Designed by Alberto Romanos, Bw Beto borrows cues from over 300 years of serif design evolution; from early renaissance typefaces to transitional models from the 18th Century, all filtered and interpreted without falling for design dogmas. Only with contemporary graphic branding functional and aesthetic needs in mind.
Bw Beto is available in 2 optical sizes containing 5 weights with matching true italics each. Bw Beto Grande is best suited for display purposes, taking the contrast one step further and bringing a more elegant feel, but maintaining the same metrics and proportions as its sturdier sibling.
It was about time! When I started sketching it we had more than 10 font families already published, out of which only 2 were serifs: a slab and a wedge serif; none of them had the classic feel we wanted to achieved with Bw Beto.
I mostly draw sans serif typefaces, they come more natural to me so jumping on a serif design is always a challenge: with a traditional serif you have to be more compliant with the influence of a broad nib pen, which gives you a very specific shape language that you have to replicate using bezier curves.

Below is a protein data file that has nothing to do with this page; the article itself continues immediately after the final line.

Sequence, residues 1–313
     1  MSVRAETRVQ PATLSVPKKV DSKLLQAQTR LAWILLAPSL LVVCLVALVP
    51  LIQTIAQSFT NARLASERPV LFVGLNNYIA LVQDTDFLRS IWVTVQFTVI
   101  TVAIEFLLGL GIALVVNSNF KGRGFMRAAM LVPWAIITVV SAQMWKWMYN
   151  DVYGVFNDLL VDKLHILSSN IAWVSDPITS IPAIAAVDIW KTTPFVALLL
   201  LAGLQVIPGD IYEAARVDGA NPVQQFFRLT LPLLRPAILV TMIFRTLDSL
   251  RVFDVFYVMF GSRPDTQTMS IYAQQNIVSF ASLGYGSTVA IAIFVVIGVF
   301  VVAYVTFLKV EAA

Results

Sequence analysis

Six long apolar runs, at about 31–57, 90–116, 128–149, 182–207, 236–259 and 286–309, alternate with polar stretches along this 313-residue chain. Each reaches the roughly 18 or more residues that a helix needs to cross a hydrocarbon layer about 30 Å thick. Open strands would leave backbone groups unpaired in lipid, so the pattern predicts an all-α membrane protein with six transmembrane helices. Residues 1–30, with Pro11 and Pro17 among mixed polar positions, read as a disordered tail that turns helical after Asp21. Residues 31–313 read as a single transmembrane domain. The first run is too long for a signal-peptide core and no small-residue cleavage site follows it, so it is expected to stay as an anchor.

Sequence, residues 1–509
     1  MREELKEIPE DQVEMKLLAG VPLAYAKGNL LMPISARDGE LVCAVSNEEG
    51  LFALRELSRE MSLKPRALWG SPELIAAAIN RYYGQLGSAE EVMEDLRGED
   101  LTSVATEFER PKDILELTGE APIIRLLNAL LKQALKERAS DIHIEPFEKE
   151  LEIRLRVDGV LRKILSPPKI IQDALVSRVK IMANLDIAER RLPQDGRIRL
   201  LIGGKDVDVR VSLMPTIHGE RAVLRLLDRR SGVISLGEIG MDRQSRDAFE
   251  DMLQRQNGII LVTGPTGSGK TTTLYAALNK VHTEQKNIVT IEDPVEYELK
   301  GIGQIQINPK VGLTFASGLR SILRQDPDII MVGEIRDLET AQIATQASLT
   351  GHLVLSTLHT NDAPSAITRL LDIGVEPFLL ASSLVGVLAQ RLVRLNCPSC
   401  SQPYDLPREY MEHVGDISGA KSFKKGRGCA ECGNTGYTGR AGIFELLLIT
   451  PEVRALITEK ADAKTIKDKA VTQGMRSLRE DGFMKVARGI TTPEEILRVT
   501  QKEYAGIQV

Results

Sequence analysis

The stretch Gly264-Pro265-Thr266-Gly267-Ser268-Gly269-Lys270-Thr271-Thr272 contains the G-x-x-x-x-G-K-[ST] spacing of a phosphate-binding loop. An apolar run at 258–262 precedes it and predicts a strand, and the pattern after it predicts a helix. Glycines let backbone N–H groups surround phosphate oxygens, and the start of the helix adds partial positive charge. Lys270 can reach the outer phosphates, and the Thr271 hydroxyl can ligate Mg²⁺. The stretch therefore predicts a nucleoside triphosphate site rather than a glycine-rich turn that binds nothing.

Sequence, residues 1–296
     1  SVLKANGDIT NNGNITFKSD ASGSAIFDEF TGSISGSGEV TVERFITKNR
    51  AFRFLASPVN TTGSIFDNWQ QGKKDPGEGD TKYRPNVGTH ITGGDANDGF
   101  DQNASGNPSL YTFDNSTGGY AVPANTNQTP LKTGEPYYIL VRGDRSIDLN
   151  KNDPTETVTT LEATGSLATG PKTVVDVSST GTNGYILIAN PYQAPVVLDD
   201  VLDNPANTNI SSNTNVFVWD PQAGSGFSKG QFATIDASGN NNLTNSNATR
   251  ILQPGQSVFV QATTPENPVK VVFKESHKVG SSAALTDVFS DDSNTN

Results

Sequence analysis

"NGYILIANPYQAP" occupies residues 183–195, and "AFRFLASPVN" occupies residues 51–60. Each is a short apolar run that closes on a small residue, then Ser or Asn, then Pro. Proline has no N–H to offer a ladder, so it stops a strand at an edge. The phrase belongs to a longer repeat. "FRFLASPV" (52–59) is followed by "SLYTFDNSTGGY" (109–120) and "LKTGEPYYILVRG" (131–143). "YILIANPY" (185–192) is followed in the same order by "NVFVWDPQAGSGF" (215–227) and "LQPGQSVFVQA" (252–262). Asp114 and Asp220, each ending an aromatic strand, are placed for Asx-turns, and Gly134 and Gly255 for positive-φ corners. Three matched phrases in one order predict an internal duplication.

Also, they are very well documented and categorised in different styles that developed in different parts of Europe throughout centuries, almost giving you a timeline of type design evolution. Right from the beginning I wanted to move away from siloing the design in a particular period. The plan was to design a traditional looking serif without feeling stale or old-fashioned; it should feel designed today, not 400 years ago.
It has been cooking for more than a year.
On Bw Beto there’s a lot of stuff that was already in the back of my mind about how this type of serif should feel like but when I was getting stuck I looked for references from all periods from the 1500s to the industrial revolution: Venetians, Garlades, Transitionals and everything in between, somehow curating the best solutions for specific issues.
The process has been quite standard: Most of the work has been done using Glyphs and there’s always spare sheets on the desk for rough-sketching. It started with a handful of lowercase characters until we got it right, then expanded into more characters going back and forward, fixing, fine-tuning,… with a lot of printing and screen-testing along the way.
In terms of response it’s early days as the typeface was released only a couple of weeks ago but so far feedback has been encouraging. A lot of designers are showing their appreciation on social media and hopefully we’ll start seeing Bw Beto in use on branding and editorial projects very soon.
Bw Beto licenses are available at half price until the end of July.